Honoring their sacrifice

In 1917, George Vaughn Seibold, a 23-year-old American boy, volunteered for WWI. At that time, the United States did not have an air force and George wanted to fly. He trained in Canada learning to fly British airplanes and was assigned to the British Royal Flying Corps, 148th Aero Squadron. He and his squadron were sent to France.

He wrote his mother, Grace Darling Seibold, regularly. While George was serving, Grace volunteered by visiting servicemen in hospitals. One day, there were no more letters from George. The family searched for information, but because the squadron was under British command, the United States couldn’t help.

On Oct. 11, 1918, George’s wife received a box which was marked “Effects of deceased Officer 1st Lt. George Vaughn Seibold.” He had been killed in action.

As a way to deal with her grief, Grace continued to volunteer at hospitals, helping ease the pain of many servicemen. She also reached out to other mothers whose sons had died in military service. On June 4, 1928, 25 mothers met in Washington, DC, and established the national organization, American Gold Star Mothers, Inc.

A local Gold Star Mom

Jackie McKellar of Pine City became a Gold Star Mom on Aug. 27, 2010, when her son, Master Sergeant Daniel L. Fedder was killed in action in Afghanistan during Operation Enduring Freedom. McKellar describes her son as a “smart, entertaining fun friend who you knew was in the room.”

McKellar wrote the following about her son:

Daniel Louis Fedder grew up in Pine City, Minnesota with his parents Bob and Jackie McKellar and his brother Dominic (Nick).  He attended Grasston Christian Academy and graduated from Pine City High School in 1994.  Danny played soccer and basketball at Grasston and he wrestled and played football at PCHS.  He also participated in school and community plays and competed in speech.  He continued in the military taking 1st place in Greco Roman competition in Japan.

Due to the influence of his uncles, Danny knew at a young age that he was military bound. He enlisted in the Marine Corps and attended recruit training in December, 1994.  Pvt Fedder checked into the Engineer Equipment Operators Course, Camp Lejeune, and was meritoriously promoted for being his class honor grad. LCpl Fedder then received orders to MWSS 171 in Iwakuni, Japan, where he served as a Heavy Equipment Operator. He returned to Camp Pendleton as Heavy Equipment Operator and Sapper Instructor, then on to Quantico to Marine Security Guard School which led him to Muscat, Oman and Caracus, Venezuela Embassy Duty as Assistant Detachment Commander. In his spare time he obtained some flight schooling that was cut short due to deployment but he was able to complete and graduate from US Navy Scuba School. Dan then decided to enter the world of Explosive Ordnance. He was honor grad again at EOD School at Eglin Air Force Base in Florida. Dan then reported to Hawaii where he participated in several EOD missions including his first deployment to Iraq. He served his second deployment to Iraq as Section Leader and Team Leader. At the time of his deployment in 2010, he had come through the ranks to become a Master Sergeant and Master EOD Technician as platoon commander for EOD 1st Company in Afghanistan.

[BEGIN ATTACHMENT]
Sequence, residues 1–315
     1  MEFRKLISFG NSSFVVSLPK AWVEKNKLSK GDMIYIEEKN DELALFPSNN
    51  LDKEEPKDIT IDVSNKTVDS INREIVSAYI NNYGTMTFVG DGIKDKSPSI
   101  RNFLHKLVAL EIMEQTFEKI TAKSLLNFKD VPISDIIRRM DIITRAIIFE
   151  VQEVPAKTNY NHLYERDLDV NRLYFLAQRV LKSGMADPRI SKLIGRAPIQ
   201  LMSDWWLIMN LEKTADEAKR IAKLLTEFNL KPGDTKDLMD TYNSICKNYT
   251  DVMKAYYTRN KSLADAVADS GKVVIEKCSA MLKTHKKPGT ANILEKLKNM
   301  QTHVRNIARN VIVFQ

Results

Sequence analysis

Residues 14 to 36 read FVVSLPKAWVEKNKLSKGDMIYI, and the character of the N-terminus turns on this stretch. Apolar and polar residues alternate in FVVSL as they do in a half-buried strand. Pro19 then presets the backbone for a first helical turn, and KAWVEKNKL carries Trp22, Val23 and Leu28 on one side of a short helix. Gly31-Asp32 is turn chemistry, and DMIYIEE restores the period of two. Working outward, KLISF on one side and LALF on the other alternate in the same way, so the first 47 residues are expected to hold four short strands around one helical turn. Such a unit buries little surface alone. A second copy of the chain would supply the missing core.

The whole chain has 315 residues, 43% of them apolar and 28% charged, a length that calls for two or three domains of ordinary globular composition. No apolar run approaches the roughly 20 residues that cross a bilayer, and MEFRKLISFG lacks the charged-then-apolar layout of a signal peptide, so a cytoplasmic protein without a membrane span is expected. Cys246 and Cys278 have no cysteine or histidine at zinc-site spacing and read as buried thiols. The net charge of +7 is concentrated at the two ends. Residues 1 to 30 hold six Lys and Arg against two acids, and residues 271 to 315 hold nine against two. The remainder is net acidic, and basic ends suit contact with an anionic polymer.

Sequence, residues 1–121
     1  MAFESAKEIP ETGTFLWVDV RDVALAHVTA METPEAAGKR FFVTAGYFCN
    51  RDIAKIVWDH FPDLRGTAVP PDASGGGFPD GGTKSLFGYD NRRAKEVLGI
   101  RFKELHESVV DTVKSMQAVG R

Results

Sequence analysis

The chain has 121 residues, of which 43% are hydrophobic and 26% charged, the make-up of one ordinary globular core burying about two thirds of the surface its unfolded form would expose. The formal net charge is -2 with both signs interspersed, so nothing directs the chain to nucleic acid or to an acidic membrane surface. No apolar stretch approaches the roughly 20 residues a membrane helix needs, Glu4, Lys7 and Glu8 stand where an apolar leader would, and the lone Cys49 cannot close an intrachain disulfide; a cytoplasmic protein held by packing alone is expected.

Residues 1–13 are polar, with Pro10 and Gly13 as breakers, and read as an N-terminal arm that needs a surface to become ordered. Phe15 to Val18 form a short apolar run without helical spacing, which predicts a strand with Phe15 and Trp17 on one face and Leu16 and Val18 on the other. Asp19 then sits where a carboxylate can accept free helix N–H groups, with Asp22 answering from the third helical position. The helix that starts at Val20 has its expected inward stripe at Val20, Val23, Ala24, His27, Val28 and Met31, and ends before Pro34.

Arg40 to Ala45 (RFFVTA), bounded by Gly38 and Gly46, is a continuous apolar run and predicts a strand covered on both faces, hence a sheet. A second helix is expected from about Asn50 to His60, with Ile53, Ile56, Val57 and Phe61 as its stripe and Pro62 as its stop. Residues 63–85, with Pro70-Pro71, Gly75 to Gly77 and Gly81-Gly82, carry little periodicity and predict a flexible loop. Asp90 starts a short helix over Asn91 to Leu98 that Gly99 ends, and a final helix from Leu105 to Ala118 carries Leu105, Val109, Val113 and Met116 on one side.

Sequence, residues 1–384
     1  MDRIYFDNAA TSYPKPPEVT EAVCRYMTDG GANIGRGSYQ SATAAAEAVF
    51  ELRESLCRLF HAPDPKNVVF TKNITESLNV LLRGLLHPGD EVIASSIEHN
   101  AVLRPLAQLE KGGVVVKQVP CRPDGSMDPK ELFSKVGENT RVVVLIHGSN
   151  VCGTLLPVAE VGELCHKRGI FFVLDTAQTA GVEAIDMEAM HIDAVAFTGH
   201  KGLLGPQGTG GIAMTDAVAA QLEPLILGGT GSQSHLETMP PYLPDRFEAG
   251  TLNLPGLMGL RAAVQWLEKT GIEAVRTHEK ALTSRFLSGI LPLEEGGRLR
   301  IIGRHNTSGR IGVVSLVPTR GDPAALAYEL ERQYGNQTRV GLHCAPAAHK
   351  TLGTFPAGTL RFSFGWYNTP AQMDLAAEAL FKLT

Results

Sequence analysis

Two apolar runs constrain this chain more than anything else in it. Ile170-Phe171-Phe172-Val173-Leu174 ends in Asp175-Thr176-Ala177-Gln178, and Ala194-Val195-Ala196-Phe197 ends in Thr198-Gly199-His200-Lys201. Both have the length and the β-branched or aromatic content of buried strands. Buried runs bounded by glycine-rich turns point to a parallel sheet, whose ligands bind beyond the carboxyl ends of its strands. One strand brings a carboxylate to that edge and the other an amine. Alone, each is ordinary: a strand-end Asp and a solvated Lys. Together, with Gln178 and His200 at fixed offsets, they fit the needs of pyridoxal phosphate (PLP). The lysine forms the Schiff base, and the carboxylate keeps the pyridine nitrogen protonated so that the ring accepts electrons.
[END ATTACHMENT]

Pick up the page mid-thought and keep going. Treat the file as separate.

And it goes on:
During his 16-year military career, Dan met people from all over the world. He worked with the British Royal Marines and upon arrival at their camp realized something was wrong and proceeded to render their camp safe from several 40 lb IED’s which were wired together, saving the 40th Commandos from total loss. Dan’s wife Diana was invited to a memorial service in “Spartan Wood” near Taunton, UK, where these grateful men dedicated a tree in Dan’s honor, knowing that if it weren’t for him, they would not have survived.

Dan had many different duties and titles throughout his career. He was proud to earn the title of “Master Blaster” as well as the most recent title of “Hurt Locker Dan.” Dan traded duty behind a desk to work in the field. He couldn’t handle knowing he was losing men while he sat behind a desk.  As he would say, “No man left behind.”

On Aug. 27, 2010, while disarming an IED in Helmund Province, Afghanistan, a secondary blast took him from us.

By an Act of Congress on June 5, 2012, the post office of Pine City was renamed “The MSgt Daniel Fedder Post Office” as proposed by Congressman Chip Cravaack.

In 2011, two Pine City high school students were awarded the first “MSgt Daniel Fedder Memorial Scholarship” awards which continue to be given yearly. Danny would enjoy knowing he is still contributing to his alma mater.

Dan’s personal awards and decorations include: Bronze Star With Valor (Posthumous), Purple Heart (Posthumous), two Navy and Marine Corps Commendation Medals, one w/combat distinguishing devise, Joint Service Achievement Medal and many more.

Dan’s life touched many others in the short time we were blessed to have him. He made every effort to make it count.

He is still loved and sorely missed.

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